Shakspere: His Inner Life as Intimated in His Works

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J. Maxwell, 1865 - 521 pages
 

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Page 109 - O ! who can hold a fire in his hand, By thinking on the frosty Caucasus? Or cloy the hungry edge of appetite, By bare imagination of a feast?
Page 360 - The barge she sat in, like a burnish'd throne, Burn'd on the water ; the poop was beaten gold, Purple the sails, and so perfumed that The winds were love-sick with them, the oars were silver, Which to the tune of flutes kept stroke, and made The water which they beat to follow faster, As amorous of their strokes.
Page 159 - Therefore the moon, the governess of floods, Pale in her anger, washes all the air, That rheumatic diseases do abound : And thorough this distemperature we see The seasons alter : hoary-headed frosts Fall in the fresh lap of the crimson rose, And on old Hiems' thin and icy crown An odorous chaplet of sweet summer buds Is, as in mockery, set.
Page 377 - Our revels now are ended... These our actors, As I foretold you, were all spirits, and Are melted into air, into thin air, And, like the baseless fabric of this vision, The cloud-capped towers, the gorgeous palaces, The solemn temples, the great globe itself, Yea, all which it inherit, shall dissolve, And, like this insubstantial pageant faded, Leave not a rack behind: we are such stuff As dreams are made on; and our little life Is rounded with a sleep..
Page 43 - It were all one That I should love a bright particular star, And think to wed it ; he is so above me ! In his bright radiance and collateral light Must I be comforted, not in his sphere.
Page 474 - When in disgrace with fortune and men's eyes, I all alone beweep my outcast state, And trouble deaf Heaven with my bootless cries, And look upon myself, and curse my fate, Wishing me like to one more rich in hope, Featured like him, like him with friends possessed, Desiring this man's art, and that man's scope...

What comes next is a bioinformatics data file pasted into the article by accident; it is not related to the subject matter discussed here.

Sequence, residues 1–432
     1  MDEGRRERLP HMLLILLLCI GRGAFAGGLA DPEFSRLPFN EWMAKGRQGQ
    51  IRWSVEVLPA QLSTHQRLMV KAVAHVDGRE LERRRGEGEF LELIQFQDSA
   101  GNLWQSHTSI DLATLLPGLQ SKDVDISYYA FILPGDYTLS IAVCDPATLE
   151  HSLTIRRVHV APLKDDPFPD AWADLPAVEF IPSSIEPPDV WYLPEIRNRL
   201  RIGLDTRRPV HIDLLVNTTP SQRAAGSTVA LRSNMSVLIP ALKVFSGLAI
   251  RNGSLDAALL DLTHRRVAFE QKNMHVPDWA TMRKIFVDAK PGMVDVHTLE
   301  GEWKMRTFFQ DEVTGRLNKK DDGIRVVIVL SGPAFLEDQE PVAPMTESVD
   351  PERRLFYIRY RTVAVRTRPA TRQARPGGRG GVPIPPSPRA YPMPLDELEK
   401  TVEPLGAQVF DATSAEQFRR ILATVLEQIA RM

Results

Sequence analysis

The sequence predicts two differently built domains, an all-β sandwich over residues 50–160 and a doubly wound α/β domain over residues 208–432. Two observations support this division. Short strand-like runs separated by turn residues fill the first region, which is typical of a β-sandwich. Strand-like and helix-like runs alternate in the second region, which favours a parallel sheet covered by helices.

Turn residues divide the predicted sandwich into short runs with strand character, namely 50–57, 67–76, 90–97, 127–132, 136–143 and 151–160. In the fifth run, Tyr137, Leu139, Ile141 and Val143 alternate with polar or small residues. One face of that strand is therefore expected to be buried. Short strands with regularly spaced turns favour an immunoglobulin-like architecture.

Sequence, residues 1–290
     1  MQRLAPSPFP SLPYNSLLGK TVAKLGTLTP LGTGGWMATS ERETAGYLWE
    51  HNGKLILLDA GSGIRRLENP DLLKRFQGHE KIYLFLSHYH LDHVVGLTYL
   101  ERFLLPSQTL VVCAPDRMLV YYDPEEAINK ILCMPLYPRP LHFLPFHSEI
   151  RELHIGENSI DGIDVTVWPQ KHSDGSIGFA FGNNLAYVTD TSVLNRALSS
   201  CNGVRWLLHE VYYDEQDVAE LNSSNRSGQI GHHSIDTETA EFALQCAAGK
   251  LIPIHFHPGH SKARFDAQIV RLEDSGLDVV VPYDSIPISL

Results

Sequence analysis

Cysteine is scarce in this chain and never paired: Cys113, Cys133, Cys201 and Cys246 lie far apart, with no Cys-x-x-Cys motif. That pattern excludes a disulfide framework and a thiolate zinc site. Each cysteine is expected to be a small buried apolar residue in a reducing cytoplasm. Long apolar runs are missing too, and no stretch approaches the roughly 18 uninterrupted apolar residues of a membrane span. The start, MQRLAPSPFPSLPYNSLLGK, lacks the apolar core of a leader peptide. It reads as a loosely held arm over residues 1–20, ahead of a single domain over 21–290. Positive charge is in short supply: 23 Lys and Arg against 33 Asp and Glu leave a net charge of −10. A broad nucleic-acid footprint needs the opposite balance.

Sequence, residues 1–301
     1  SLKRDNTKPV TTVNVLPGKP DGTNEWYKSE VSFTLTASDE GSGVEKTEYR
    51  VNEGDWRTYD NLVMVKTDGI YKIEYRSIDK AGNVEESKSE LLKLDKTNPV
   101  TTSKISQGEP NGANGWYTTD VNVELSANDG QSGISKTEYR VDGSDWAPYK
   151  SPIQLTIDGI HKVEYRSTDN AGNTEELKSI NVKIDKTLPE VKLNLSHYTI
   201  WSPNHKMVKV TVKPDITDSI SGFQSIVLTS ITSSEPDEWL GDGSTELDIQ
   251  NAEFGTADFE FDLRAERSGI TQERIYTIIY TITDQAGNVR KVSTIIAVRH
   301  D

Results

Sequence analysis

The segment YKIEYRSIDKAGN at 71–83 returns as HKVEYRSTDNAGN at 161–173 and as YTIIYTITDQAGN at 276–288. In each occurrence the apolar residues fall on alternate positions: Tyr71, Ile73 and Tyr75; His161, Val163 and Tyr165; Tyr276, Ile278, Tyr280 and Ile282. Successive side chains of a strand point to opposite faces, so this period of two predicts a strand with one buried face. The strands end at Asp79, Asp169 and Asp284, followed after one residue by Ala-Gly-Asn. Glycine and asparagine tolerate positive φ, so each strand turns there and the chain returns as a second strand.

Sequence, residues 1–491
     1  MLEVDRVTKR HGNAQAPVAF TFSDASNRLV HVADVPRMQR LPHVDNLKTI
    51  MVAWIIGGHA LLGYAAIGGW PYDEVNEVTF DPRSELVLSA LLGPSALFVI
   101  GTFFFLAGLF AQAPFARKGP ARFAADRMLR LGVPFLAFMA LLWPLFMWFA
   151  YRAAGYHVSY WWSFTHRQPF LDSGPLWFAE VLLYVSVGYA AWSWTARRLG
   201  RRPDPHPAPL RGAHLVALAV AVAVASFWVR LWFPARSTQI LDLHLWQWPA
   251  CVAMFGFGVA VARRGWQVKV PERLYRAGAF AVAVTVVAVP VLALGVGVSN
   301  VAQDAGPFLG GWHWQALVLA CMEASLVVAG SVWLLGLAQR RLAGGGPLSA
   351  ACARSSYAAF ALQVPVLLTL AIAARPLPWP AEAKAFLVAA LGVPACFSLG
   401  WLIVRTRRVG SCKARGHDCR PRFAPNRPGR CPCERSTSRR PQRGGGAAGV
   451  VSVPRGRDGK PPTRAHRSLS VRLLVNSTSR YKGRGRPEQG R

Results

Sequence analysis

Page 253 - If the balance of our lives had not one scale of reason to poise another of sensuality, the blood and baseness of our natures would conduct us to most preposterous conclusions : but we have reason to cool our raging motions, our carnal stings, our unbitted lusts ; whereof I take this, that you call love, to be a sect or scion.
Page 118 - What do I fear ? Myself ? There's none else by : Richard loves Richard ; that is, I am I. Is there a murderer here ? No ; — Yes ; I am. Then fly, — What, from myself ? Great reason ; Why ? Lest I revenge.
Page 364 - Sometime we see a cloud that's dragonish; A vapour sometime like a bear or lion, A tower'd citadel, a pendent rock, A forked mountain, or blue promontory With trees upon't, that nod unto the world, And mock our eyes with air.
Page 480 - tis true, I have gone here and there, And made myself a motley to the view, Gored mine own thoughts, sold cheap what is most dear, Made old offences of affections new.

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